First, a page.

Wednesday, April 16, 2014


Today I’m thrilled to have Christy Carlyle author of  Scandalous Wager  with me in the  Blue Rose Writing Room. Christy designed my website, so be sure to tootle over there and see what else this amazingly talented woman does!

So, do you use a pen name/pseudo name? If so, why. If not, why did you decide to write under your own name?
I do write under a pen name, more than one, actually. I decided if my writing career went entirely pear-shaped, I would spare my husband’s family any undue shame or embarrassment. As it turns out, they are proud of me, even if romance isn’t their literary cup of tea, but I am still happier and somehow feel liberated when writing under my pen names. J

I understand that completely. My real name is so boring, readers would be snoring before they cracked the book open if I used it.

Tuesday, April 15, 2014


Today I thought it would be fun to share some of the more unusual phrases one might come across as a Regency reader and author. Those who read Regency are familiar with such expressions, but those who aren't, might be left scratching their heads. 

Cut: Basically to renounce an acquaintance with someone. Naturally those of the Regency Era had degrees of ostracism: the cut direct, the cut indirect, the cut sublime, and the cut infernal. 

Daddles: you thought they were something else, didn't you? 

Apple Dumplin Shop - A woman's bosom. Nope, haven't used that one. 

Slow Top-Not to terribly bright; think dim-wit. 

Scandal Broth-Tea. Gee, I thought for sure this was something about gossip.

Foxed-The chap's had a bit to much to drink; Okay a lot too much to drink. 

Spice Islands-A privy...not exactly the association I'd make. 

All these delightful definitions are courtesy of the 1811 Dictionary of the Vulgar Tongue. I can't tell you the fun I've had bringing the dictionary out at various functions or toting it to me to book releases and so on. It never fails to inspire copious amounts of giggling. 

Some of my other favorites are bumblebroth, cork brain, cast up one's accounts, scapegrace, and fly into the bows.

Please share some of yours. I love learning new ones! 

Monday, April 14, 2014


It's such a thrill to have my dear friend and fellow Regency author, Ella Quinn, visiting The Blue Rose Writing Room today. She's sharing about her new release, Desiring Lady Caro 

Caro started to wash and stopped. If Nugent didn’t bathe her . . . “Oh no! Who did?”
“I’ve already told you—his lordship.”
“His lordship?”
Nugent turned and gave her the same stern look she’d given Caro since she was three. “That’s what I said.”
Heat rose in her face and chest, and her heart thudded uncomfortably. “How could you have allowed him to—to bathe me?”
Nugent shook out something in a shimmering pale blue and laid it across a chair. “Maybe you’d like to tell me how I was to stop him. I couldn’t lift you, and we had to get your fever down.” She paused for a moment before continuing. “He also helped me undress you after you decided to drink too much.”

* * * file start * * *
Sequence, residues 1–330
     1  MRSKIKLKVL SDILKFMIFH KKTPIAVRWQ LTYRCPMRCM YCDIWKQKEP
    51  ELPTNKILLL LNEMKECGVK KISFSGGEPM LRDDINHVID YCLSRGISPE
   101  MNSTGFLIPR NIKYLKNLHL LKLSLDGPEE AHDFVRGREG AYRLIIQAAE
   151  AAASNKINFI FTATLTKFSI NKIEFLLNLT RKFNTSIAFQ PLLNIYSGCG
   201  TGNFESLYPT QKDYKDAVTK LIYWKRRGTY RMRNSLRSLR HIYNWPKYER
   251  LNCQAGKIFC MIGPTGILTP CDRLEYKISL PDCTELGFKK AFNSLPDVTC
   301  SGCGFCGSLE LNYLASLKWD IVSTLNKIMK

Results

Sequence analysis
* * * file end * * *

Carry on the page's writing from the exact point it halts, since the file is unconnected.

Caro wanted to submerge herself under the water and never come up. She wished she could forget he’d seen her inebriated. Tenting her fingers over her forehead, she sank further down into the tub. Nugent was right. She couldn’t have done it herself. But why would he… “I think you’d better tell me everything.”
“I’ve already told you, my lady. His lordship nursed you the whole time you were ill. He would only allow me to help him.” Nugent’s voice softened. “He never left your side. I’m amazed he didn’t take ill himself.”
Caro had helped tend her younger brothers and sisters when they were sick, and the enormity of what Huntley had done amazed her. “But I do not understand why he would take on such a burden.”
“That,” Nugent said with her usual briskness, “is something you’ll have to ask his lordship, and before you do, try to remember he is your husband. Now finish washing. It’s not good to keep a man from his food.”
Caro took the towel from the stool and held it to her as she stepped out of the tub. Once dried, she held her hand out for her nightclothes and received another silk gown. She flushed with embarrassment. “Where are my other ones?”
“Drying. Takes a while when it’s so cold.”
Slipping it on over her head and reaching for the wrapper, she frowned. “I don’t remember buying this.”
“You didn’t. Lady Horatia bought them for you.”
Caro was tired of asking why, and she was even more tired of not having any answers that made sense. Huntley did not want their marriage any more than she did. What would make him care for her? Oh, he said it was because she was his wife, yet was that really the reason? And just because she liked having Huntley around and being held by him, didn’t mean she’d allow him to have marital relations with her more than once.
Caro pressed her hands to her eyes. He’d said it may take more than once. She shook her head. I can’t. I just cannot. Caro shoved the thought away. When—if—the time came, she’d deal with it then. For now, she should concentrate on getting well.

Author Biography

           Amazon and Barnes & Nobel bestselling author Ella Quinn’s studies and other jobs have always been on the serious side. Reading historical romances, especially Regencies, were her escape. Eventually her love of historical novels led her to start writing them.

     She is married to her wonderful husband of twenty-nine years. They have a son and granddaughter, Great Dane and a Chartreux. After living in the South Pacific, Central America, North Africa, England and Europe, she and her husband decided to make St. Thomas, VI home.

     Ella is a member of the Romance Writers of American, The Beau Monde and Hearts Through History. She is represented by Elizabeth Pomada of Larsen-Pomada Literary Agency, and published by Kensington.

Contact Ella: